Email ennui: we’ve all experienced it. You finally manage to carve out some time away from your desk and your business, only to have it ruined by: a) anxiety that urgent items are slipping through the cracks during your absence, or b) despair that your vacation will be completely neutralized by the massive mound of email that awaits you upon your return.
When it comes to managing email, a regular old “out of the office” message, stating that you will respond upon your return, will no longer suffice. It’s not engaging, and it’s not useful.
Recently, I’ve seen a few more creative approaches to away-from-the-desk email management:
Approach #1: Auto-Filter for Urgent Items Only
During a recent 99% interview, Hype Machine proprietor Anthony Volodkin talked about his approach to email, emphasizing that only about 5 percent of emails really demand urgent attention. While the other 95 percent are a largely irrelevant or unimportant, tending to this urgent 5 percent swiftly can actually increase productivity. So what to do?
One of the best new apps for managing this task is AwayFind. It seamlessly syncs with Gmail and allows you to create specific filters that identify an “urgent” message – they could be from a specific person, based on key word, and so on. AwayFind will then forward the content of that email to you via a phone message, text message, instant message or Twitter. It’s an easy way to avoid monitoring email on vacation, while also ensuring that you are alerted about any truly important items.
It can also help you speedily separate the wheat from the chaffe upon your return.
Approach #2: Avoid Auto-Blandness with a Self-Marketing Twist
Recently, I received a clever auto-reply from Start With Why author and leadership expert Simon Sinek. Rather than using the standard, “I am out of the office until 4/7, and will respond to your message upon my return,” Sinek personalizes his message:
This is an automatic reply for April 5-7
The WHY goes to the midwest.
I'm in Chicago working with the illustrious Maddock Douglas innovation agency to help one of their clients ensure that everything they say and do reflects their WHY.
The goal: drive loyalty.
I won't have any email access until I return on Thursday, April 8th. Please be patient for my response.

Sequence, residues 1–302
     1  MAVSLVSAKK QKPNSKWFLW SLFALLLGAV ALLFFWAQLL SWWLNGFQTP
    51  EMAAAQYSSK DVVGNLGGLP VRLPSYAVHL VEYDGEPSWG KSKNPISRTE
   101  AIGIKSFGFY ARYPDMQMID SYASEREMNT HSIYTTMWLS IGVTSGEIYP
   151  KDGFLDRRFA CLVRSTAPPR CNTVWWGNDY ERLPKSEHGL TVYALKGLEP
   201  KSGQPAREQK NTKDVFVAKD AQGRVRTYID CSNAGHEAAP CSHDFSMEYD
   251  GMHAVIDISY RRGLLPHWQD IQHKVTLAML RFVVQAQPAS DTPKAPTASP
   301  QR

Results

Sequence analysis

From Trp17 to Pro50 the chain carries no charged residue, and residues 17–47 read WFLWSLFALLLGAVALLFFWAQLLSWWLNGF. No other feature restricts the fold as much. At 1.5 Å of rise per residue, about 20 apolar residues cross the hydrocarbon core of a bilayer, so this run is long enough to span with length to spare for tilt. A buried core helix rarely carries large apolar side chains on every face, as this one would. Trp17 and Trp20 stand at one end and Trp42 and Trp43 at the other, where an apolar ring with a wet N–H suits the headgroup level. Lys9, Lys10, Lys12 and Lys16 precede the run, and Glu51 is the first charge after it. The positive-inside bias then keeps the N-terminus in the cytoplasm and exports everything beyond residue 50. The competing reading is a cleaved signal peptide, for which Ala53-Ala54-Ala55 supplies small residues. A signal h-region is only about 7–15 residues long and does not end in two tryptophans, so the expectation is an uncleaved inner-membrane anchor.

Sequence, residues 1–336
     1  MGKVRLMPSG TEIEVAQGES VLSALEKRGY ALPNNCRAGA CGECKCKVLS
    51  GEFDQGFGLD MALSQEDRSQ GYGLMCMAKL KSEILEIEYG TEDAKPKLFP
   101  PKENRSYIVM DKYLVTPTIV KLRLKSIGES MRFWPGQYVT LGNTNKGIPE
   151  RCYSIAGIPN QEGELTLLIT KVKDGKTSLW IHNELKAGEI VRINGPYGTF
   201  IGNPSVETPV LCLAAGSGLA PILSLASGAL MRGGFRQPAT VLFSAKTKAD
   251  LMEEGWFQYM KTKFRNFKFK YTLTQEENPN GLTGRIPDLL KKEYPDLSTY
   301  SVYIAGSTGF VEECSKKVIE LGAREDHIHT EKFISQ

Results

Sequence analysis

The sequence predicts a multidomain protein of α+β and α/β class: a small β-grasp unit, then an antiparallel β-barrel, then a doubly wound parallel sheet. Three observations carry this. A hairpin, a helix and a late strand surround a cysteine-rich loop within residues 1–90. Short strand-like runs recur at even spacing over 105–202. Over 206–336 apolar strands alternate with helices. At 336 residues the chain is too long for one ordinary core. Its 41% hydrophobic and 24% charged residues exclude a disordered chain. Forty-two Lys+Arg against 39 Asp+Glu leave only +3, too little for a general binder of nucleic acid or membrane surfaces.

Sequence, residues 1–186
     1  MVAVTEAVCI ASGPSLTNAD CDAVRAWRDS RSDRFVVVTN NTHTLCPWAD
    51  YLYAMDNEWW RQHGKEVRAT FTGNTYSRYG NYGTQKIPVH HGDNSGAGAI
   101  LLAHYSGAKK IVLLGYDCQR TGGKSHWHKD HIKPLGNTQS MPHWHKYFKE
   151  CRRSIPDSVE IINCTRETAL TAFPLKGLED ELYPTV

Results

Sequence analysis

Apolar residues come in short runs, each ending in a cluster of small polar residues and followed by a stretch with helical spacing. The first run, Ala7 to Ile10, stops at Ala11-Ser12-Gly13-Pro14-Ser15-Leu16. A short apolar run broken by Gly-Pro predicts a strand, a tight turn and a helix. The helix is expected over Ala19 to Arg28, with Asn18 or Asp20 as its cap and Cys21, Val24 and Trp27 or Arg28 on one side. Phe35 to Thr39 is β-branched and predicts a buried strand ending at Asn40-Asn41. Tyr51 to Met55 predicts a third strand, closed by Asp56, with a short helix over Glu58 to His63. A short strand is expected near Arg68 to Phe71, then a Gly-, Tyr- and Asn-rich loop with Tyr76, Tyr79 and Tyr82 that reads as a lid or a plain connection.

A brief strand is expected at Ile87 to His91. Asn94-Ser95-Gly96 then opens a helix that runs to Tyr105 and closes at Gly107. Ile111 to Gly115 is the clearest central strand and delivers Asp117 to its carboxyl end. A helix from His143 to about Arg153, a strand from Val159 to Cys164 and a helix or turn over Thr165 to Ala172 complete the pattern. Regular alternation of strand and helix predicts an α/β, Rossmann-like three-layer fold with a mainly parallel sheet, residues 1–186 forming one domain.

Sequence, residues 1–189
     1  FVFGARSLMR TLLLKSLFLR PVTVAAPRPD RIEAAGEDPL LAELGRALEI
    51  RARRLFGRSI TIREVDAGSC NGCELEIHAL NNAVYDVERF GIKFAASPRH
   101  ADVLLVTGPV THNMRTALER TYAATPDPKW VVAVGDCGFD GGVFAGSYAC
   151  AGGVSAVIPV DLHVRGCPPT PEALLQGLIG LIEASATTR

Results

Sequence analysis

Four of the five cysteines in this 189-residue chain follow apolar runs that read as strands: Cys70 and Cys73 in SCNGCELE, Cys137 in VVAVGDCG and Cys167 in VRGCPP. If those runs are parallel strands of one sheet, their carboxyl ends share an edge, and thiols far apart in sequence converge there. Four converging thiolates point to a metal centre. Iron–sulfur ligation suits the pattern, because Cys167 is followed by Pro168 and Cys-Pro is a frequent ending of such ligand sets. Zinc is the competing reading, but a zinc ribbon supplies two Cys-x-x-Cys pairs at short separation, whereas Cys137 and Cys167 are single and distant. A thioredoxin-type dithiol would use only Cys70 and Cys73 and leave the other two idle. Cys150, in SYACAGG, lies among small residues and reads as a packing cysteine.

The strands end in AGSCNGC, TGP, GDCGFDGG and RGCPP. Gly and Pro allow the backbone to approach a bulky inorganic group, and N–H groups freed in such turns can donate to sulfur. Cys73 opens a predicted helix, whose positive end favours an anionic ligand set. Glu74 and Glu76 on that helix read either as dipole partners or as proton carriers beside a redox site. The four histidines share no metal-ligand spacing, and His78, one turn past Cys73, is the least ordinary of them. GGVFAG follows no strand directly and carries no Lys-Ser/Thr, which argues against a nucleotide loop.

Rather than just sharing a dull update, Sinek takes the opportunity to pass on the latest news – namely, his exciting new collaboration with Maddock Douglas. This style of auto-reply serves the threefold purpose of conveying basic “away” information, engaging and intriguing the reader, and tastefully self-marketing.
Granted, it’s not going to cut down on the amount of emails you receive, but it just may capture the interest of potential client, or help strengthen an existing relationship. Sinek’s approach is a useful study in how to maximize the impact of our auto-replies.
Approach #3: Be an Auto-Rebel and Declare Email Bankruptcy
Inspired by venture capitalist Fred Wilson’s bold move, design blogger SwissMiss recently declared “email bankruptcy.” After giving birth to her second child, the SwissMiss found that her email account was so overdrawn, she’d never catch up. So she decided to delete all the unread messages in her inbox and start fresh.
They key to this unorthodox move is to publicly declare email bankruptcy. That is, make sure you send a message to all your contacts letting them know you’re deleting messages between April 1st and May 1st, for instance. If their message was really important, they’ll send it again. By which point, you’ll be way ahead of the productivity curve, in your newly email-liberated state!
*This post by J.K. Glei is based on research by the Behance team. Behance runs the Behance Creative Network, the 99% productivity think tank, the Action Method project management application, and the Creative Jobs List.
*Image courtesy of SwissMiss